It will be completed by the end of 2021 – the future-proof, modern, sustainable and automated container terminal in Copenhagen. The terminal substantially strengthens CMP’s role as the leading actor within freight handling in the capital region and throughout Eastern Denmark.
The area in Outer Northern Harbour is fairly anonymous, however, the on-going groundworks are a reminder that this is where the container terminal of the future will be just three years from now.
“We are making a major investment. New technology and modern logistics solutions are paving the way for development of land totalling 450,000 square metres”, reports Povl Dolleris Røjkjær Ungar, COO Cars, General Cargo and Container within CMP.
“Modern logistics solutions refers to a digitalised facility which delivers better and more stable freight flows, in other words, more automated flows with faster, smoother handling throughout the logistics chain”.
CMP has long been supplying Copenhagen and Eastern Denmark with containered cargo and it has a key role in the flow of goods to shops and businesses in the capital region. CMP is thus part of a large transport network, which links the Danish container operation to all major international ports.
“Our geographic location and connection to the world’s largest container lines is a major competitive advantage”, Povl emphasises.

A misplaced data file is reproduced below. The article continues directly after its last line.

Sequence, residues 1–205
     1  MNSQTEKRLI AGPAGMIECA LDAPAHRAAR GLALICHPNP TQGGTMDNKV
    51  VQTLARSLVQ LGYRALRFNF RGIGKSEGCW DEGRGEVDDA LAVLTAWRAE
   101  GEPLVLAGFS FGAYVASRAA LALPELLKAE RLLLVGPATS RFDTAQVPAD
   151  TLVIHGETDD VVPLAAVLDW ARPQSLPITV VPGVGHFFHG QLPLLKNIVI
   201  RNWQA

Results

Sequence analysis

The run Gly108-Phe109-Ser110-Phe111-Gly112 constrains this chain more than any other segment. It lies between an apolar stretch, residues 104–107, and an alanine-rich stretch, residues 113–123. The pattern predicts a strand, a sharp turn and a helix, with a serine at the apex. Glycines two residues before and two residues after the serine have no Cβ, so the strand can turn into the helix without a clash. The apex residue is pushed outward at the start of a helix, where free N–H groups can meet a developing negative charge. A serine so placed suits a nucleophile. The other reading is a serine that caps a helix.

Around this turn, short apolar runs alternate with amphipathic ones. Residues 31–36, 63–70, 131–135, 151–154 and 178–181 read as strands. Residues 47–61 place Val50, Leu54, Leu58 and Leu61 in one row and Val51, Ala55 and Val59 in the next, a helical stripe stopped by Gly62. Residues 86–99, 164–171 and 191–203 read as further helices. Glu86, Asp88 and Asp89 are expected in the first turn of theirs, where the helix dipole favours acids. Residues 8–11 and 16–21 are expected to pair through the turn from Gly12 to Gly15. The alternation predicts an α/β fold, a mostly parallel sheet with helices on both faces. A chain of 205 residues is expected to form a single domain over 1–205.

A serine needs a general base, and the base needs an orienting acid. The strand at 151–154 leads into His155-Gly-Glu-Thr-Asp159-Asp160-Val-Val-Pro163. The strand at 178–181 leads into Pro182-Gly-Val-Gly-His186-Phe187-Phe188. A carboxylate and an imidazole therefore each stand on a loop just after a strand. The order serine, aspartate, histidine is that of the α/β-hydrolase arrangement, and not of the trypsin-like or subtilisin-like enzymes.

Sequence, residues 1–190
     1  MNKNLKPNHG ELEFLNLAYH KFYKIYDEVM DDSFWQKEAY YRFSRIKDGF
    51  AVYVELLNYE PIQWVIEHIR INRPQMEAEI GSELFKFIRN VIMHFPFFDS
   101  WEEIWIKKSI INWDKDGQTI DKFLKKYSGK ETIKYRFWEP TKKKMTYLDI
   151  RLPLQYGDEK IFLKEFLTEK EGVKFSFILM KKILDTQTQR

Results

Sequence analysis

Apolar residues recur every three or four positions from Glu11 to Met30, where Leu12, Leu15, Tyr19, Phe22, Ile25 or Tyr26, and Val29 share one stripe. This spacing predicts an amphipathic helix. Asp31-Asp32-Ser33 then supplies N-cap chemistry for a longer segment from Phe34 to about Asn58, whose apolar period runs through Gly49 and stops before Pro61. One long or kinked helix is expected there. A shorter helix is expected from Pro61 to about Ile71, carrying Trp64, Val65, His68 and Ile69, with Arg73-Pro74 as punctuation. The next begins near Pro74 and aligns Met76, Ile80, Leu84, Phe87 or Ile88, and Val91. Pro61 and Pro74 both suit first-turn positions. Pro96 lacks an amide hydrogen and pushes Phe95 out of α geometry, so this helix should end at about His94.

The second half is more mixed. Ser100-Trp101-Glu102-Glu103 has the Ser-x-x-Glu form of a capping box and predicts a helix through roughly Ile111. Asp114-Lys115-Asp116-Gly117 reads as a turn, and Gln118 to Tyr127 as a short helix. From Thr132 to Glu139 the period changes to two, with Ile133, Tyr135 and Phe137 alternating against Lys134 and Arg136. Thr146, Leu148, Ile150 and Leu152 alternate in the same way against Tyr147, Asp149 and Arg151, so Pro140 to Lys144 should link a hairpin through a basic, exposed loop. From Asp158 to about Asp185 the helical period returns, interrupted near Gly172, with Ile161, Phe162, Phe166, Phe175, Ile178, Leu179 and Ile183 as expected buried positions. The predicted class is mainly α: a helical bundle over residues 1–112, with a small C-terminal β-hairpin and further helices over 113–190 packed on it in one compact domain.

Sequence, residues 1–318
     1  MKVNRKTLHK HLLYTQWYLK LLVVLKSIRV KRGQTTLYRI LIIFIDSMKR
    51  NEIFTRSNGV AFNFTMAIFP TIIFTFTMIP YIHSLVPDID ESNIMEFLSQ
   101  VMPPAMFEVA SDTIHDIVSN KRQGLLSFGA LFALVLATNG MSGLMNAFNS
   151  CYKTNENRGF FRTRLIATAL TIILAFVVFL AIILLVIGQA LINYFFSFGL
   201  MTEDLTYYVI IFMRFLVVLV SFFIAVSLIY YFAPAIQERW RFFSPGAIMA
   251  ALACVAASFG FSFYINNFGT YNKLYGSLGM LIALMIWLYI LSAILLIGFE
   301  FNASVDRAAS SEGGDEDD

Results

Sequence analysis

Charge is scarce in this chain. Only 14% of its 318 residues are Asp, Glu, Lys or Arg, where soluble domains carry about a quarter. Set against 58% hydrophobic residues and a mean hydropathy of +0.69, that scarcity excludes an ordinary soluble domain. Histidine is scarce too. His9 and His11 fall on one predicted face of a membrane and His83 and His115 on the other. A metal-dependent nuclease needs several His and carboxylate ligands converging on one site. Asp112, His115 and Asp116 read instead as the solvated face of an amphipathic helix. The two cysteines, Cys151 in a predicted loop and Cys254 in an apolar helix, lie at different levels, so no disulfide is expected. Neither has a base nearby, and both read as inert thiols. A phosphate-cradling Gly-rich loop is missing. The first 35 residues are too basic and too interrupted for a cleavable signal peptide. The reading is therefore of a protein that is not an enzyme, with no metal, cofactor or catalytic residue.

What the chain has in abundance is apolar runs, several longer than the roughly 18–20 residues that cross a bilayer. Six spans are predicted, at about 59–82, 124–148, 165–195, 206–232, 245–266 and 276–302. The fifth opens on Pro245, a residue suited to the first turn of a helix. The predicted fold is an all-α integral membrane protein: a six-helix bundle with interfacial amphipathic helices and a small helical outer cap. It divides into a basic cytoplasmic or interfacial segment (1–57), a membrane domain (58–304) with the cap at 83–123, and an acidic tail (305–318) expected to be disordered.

The new container terminal will be 85,000 square metres in size and have a depth of water of 12.5 metres. This is 2.5 metres deeper than today and will ensure that tomorrow’s feeder ships can also be handled at the terminal. The terminal will be semi-automatic, which means that the handling will to a large extent be automatic.
“It also guarantees our potential for expansion, so the terminal can grow in line with volume developments in the market. At the same time, the technology enables higher productivity compared with today and contributes to the more efficient and stable flows that we want to have”, Povl says.
“In our view, automation also provides more advantages than just better flows – it also enhances safety in the handling process and produces a better work environment”, he continues.
Sustainability issues have a clear place in the on-going work. Cranes, machinery and vehicles will be powered by renewable fuels. The sustainability aspects are also included at all times in the choice of energy solutions for heating, materials and technologies to be used in the construction of the terminal.
“Another environmental benefit is that Outer Northern Harbour is located farther out towards the sea. It shortens turnaround times compared with today and produces less emissions and noise from the ships”.
Right now the authorities are conducting an environmental assessment of the entire project – an extensive task which is expected to be completed during the coming six months.
“The focus here is also on safety issues, technical fire considerations and much more. The collaboration is working well, and means that in several areas we are setting the parameters for the innovative new terminal solution together with the authorities”, Povl concludes.